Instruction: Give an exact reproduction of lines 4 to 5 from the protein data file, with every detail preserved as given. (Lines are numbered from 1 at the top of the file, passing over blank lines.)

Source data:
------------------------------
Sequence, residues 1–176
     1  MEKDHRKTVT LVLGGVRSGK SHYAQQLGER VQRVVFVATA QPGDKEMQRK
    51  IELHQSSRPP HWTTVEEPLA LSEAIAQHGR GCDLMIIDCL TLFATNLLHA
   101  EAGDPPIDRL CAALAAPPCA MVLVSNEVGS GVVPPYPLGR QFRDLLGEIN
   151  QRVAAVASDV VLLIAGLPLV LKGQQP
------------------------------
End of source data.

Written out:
   101  EAGDPPIDRL CAALAAPPCA MVLVSNEVGS GVVPPYPLGR QFRDLLGEIN
   151  QRVAAVASDV VLLIAGLPLV LKGQQP